Established more than 1,000 years ago, Hanoi (河內) was the most important political centre of Vietnam. It has served as the capital of French Indochina and North Vietnam and became the capital of Vietnam in 1976.
I first visited Hanoi in 2007 and had the chance to rediscover this ancient city with its Chinese and French influenced centuries-old architecture.
My rediscovery trip started with having a bowl of the famous Vietnamese dish, pho near our hotel in the Old Quarter. Apart from pho, Hanoians also love their Vietnamese coffee judging by the many cafes all over the city.
First stop on the itinerary is Hoan Kiem Lake (还剑湖) or Lake of the Returned Sword. Situated in the historical Old Quarter, the lake is a gathering place for locals especially in the morning and evening.
Located on the northern side of the lake is Ngoc Son Temple (Jade Mountain Temple) that sits in the Jade Island. The small temple is dedicated to a national hero, Tran Hung Dao.
A red wooden bridge known as the Huc Bridge connects the temple to the shore. The bridge is a popular photography spot for visitors to the temple. Usually, visitors have to pay an entrance fee for admission to the temple. On the day we visited, the ticket counter was closed.
After a brief stop at the temple, we strolled along the lake towards the French Quarter. Along the way, we made a pit stop at Trang Tien Ice-Cream. This famous local ice-cream parlour offers a limited variety of flavors such as coconut, chocolate, green bean and young glutinous rice.
A must try is the coconut flavour ice-cream. The ice-cream was good and refreshing especially on a hot summer’s day. It’s super creamy due to its coconut milk base but it melts rather quickly though.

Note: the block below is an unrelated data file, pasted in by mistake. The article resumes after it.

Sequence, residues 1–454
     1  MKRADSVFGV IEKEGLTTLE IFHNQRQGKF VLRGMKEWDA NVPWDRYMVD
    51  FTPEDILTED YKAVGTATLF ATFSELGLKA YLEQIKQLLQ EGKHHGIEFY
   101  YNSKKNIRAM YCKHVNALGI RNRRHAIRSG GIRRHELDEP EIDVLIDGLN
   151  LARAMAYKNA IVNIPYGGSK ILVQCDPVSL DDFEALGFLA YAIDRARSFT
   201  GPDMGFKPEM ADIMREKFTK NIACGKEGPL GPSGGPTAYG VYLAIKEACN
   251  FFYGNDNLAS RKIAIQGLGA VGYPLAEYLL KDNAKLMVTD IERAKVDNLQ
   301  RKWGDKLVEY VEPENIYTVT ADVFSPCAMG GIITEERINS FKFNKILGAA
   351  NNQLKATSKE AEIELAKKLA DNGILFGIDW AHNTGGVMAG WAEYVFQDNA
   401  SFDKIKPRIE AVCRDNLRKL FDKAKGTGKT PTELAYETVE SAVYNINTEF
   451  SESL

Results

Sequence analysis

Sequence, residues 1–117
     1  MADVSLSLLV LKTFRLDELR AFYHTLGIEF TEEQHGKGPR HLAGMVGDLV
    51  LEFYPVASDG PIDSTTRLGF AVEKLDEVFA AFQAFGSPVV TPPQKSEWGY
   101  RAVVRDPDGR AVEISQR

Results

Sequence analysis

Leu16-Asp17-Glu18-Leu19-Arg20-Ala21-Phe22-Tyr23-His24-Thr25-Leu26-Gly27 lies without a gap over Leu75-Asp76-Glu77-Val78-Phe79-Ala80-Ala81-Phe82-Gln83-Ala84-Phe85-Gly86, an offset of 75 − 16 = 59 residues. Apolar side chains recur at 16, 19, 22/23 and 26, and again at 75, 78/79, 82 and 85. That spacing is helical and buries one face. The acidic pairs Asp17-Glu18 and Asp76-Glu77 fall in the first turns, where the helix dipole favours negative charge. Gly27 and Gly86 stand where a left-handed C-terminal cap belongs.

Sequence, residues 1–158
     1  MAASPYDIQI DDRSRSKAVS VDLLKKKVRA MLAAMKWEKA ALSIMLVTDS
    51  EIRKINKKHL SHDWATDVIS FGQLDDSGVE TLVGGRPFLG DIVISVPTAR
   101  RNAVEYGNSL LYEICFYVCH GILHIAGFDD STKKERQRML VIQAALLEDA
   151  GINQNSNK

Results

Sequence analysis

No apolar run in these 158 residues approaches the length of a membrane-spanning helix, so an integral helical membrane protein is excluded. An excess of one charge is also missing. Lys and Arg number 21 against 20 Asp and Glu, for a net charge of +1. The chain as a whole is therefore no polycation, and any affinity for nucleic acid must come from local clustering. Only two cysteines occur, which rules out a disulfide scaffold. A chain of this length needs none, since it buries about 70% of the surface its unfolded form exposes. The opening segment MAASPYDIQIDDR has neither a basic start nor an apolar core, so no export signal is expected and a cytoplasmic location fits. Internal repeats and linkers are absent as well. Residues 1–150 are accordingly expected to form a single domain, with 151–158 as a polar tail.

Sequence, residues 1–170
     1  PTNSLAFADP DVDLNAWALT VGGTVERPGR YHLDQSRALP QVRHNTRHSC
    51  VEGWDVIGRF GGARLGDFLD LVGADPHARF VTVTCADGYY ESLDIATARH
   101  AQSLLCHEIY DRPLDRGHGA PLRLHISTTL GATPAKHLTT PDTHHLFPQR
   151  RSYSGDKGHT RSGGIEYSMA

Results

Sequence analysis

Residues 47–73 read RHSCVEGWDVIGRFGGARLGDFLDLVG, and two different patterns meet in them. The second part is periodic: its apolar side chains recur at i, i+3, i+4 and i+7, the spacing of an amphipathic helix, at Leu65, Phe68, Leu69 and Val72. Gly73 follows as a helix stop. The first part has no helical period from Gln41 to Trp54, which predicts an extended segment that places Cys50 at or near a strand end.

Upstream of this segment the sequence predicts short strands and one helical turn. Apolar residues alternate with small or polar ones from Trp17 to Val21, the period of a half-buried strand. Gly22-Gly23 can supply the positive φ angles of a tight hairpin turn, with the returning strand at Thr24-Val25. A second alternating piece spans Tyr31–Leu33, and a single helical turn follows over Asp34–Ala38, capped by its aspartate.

The locals usually come in their motorcycles, buy their ice-creams and sit aboard their bikes to enjoy the treats as the shop doesn’t have any tables nor chairs. Hence at one glance, the shop can be mistaken for a motor workshop.
Next destination is to find food :). For this we headed to Trang Tien Alley or Ngo Trang Tien. This narrow alley near the Opera House is a favourite lunchtime place with students and office workers to get their fill of the variety of rice, noodle and sandwich dishes on offer.
From Trang Tien Alley, it was a short walk to the Opera House. This 900-seat French colonial building built from 1901 – 1911 is an important monument in Hanoi.
We made our way back to our hotel for siesta as the summer sun and heat was getting to us. Along the way, we passed by Sofitel Metropole Hotel. This landmark 5 star luxury hotel dates back to 1901 and is the oldest continuously operating hotel in Vietnam. It has hosted famous personalities such as Charlie Chaplin, Jane Fonda, Stephen Hawking, Oliver Stone, world leaders and royalty.
After dinner, we took another stroll around the lake. The air was still warm but the evening breeze made it more bearable.
The lake seems to come alive in the evening as Hanoians, young and old, couples and families gather at the lake for an evening stroll, exercise or to spend time together.
As 2nd September 2015 will mark Vietnam’s 70th Independence Day, preparation is in full swing for the celebrations. Decorations marking the occasions are seen all over the city.
Spending a day exploring the city, I rediscovered the charm of this old city that is always busy with traffic and create new memories of Hanoi.